I never knew either Eddy or Pat Bishop but have heard the names mentioned a number of times. The Bishop 1 and 2 Hides, built in 1987 are now also known as Es Cibollar number 4. They can be found about 350m along the track leading to the right of the third stone bridge. Cettis Warblers and Nightingales will keep you serenaded as you walk along the path bordered on both sides by trees and shrubs with Speckled Wood butterflies being plentiful. The Bishop 1 hide is my favourite on the reserve as it has a commanding view over a large area of water, with areas of exposed mud, perches for birds and reed beds beyond. Spend some time in here as the bird diversity can be amazing. The Bishops hides were named after Pat Bishop – another early pioneer, with Bishop 1 hide in particular being one of my favourites to visit on the reserve.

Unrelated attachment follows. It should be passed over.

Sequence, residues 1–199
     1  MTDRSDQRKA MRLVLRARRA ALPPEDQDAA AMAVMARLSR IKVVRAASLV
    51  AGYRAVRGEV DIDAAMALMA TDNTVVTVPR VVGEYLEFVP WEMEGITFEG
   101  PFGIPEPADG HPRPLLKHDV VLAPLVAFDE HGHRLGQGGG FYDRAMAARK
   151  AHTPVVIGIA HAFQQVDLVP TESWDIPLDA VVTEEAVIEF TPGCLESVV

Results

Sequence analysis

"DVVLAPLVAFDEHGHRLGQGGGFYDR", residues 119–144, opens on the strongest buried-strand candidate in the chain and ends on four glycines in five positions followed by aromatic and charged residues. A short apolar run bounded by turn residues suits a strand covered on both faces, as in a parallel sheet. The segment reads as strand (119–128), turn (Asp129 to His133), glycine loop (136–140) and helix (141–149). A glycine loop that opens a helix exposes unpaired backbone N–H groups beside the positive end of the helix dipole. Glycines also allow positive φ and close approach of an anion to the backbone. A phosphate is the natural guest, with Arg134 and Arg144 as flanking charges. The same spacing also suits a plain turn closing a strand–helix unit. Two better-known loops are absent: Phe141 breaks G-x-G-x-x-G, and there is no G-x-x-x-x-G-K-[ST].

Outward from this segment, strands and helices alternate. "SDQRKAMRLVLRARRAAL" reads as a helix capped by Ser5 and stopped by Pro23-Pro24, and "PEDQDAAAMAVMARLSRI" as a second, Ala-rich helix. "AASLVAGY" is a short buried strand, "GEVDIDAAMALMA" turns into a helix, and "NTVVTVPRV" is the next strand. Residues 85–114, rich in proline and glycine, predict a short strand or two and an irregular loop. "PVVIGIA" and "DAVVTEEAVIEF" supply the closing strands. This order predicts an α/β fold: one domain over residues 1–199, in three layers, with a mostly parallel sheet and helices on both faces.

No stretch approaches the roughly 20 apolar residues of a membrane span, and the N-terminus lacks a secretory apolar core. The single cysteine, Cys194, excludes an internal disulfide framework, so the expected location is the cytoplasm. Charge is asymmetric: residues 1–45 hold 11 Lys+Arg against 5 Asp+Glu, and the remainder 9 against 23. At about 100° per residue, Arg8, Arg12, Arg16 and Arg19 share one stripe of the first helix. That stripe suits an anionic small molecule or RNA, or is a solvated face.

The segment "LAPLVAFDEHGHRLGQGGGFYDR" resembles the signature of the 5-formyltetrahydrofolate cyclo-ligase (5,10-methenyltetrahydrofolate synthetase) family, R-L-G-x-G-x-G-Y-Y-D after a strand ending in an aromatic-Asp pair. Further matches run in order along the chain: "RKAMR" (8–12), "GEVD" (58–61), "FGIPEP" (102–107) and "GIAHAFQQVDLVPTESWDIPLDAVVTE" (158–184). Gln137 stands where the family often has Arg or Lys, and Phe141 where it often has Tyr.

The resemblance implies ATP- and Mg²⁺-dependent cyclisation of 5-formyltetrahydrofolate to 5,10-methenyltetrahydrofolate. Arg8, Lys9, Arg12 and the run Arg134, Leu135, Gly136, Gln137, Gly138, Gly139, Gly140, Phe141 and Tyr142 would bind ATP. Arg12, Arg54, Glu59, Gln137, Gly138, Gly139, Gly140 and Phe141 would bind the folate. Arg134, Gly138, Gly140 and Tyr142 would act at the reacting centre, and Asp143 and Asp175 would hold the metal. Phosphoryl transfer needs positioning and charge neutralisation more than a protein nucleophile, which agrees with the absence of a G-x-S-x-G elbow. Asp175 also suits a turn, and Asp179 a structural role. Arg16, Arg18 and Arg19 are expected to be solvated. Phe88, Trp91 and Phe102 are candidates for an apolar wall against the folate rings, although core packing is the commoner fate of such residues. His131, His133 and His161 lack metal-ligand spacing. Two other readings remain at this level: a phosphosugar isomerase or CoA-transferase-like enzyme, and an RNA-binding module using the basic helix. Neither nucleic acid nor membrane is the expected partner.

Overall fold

Migration time is always rewarding from this hide and expect to see a good variety of species. Look for Cormorant, Greater Flamingo, Purple Heron, Little Ringed Plover, Ringed Plover, Kentish Plover, Wood Sandpiper, Curlew Sandpiper (which are usually in full breeding plumage), Spotted Redshank (again usually in full breeding plumage), Common Redshank, Black-winged Stilt, Avocet, Shelduck, Coot, Greenshank, Ruff, Dunlin and Little Stint. There are records from here of both Temmincks Stint and Marsh Sandpiper during migration and Spotted Crake is a possibility too. The Tamarisks and other vegetation close to the hides sometimes hold Bluethroat and warbler species so it is worth keeping an eye out in these as well. Common Crane frequents this area during the autumn and winter. Terns are regular from here on migration and can be watched feeding over the marshes and perching on the many posts erected for them. Osprey and Kingfisher like to perch on the wooden posts placed strategically around the lagoon, and can be a regular sight feeding on the many good sized fish to be found here. Eleanora’s Falcons hunt over the reed beds along with Marsh Harriers, and Booted Eagle can be regular along with Red Kite. The distant peaks are worth scanning during migration for other raptors such as Short-toed Eagle.